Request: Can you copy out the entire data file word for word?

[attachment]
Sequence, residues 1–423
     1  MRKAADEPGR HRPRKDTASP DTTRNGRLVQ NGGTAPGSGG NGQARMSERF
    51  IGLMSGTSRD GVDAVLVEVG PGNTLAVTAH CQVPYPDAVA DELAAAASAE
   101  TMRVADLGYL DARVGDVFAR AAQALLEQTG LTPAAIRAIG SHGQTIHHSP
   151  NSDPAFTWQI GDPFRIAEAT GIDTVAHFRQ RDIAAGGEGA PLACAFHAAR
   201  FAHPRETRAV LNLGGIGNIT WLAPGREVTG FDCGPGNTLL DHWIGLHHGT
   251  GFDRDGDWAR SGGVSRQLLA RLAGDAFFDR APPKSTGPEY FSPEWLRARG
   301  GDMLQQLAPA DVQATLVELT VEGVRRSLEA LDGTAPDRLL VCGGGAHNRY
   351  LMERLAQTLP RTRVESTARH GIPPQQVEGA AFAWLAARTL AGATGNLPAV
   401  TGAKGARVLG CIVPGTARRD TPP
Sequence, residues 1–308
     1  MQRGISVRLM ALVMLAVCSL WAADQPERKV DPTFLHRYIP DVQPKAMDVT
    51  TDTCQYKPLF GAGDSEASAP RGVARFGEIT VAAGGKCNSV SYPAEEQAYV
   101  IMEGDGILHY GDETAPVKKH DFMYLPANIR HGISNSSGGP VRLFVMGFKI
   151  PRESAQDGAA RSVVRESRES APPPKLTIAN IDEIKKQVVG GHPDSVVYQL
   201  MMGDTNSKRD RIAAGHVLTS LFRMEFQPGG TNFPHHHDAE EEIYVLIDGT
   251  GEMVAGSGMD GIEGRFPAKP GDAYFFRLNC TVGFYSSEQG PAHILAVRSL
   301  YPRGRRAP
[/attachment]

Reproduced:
Sequence, residues 1–423
     1  MRKAADEPGR HRPRKDTASP DTTRNGRLVQ NGGTAPGSGG NGQARMSERF
    51  IGLMSGTSRD GVDAVLVEVG PGNTLAVTAH CQVPYPDAVA DELAAAASAE
   101  TMRVADLGYL DARVGDVFAR AAQALLEQTG LTPAAIRAIG SHGQTIHHSP
   151  NSDPAFTWQI GDPFRIAEAT GIDTVAHFRQ RDIAAGGEGA PLACAFHAAR
   201  FAHPRETRAV LNLGGIGNIT WLAPGREVTG FDCGPGNTLL DHWIGLHHGT
   251  GFDRDGDWAR SGGVSRQLLA RLAGDAFFDR APPKSTGPEY FSPEWLRARG
   301  GDMLQQLAPA DVQATLVELT VEGVRRSLEA LDGTAPDRLL VCGGGAHNRY
   351  LMERLAQTLP RTRVESTARH GIPPQQVEGA AFAWLAARTL AGATGNLPAV
   401  TGAKGARVLG CIVPGTARRD TPP
Sequence, residues 1–308
     1  MQRGISVRLM ALVMLAVCSL WAADQPERKV DPTFLHRYIP DVQPKAMDVT
    51  TDTCQYKPLF GAGDSEASAP RGVARFGEIT VAAGGKCNSV SYPAEEQAYV
   101  IMEGDGILHY GDETAPVKKH DFMYLPANIR HGISNSSGGP VRLFVMGFKI
   151  PRESAQDGAA RSVVRESRES APPPKLTIAN IDEIKKQVVG GHPDSVVYQL
   201  MMGDTNSKRD RIAAGHVLTS LFRMEFQPGG TNFPHHHDAE EEIYVLIDGT
   251  GEMVAGSGMD GIEGRFPAKP GDAYFFRLNC TVGFYSSEQG PAHILAVRSL
   301  YPRGRRAP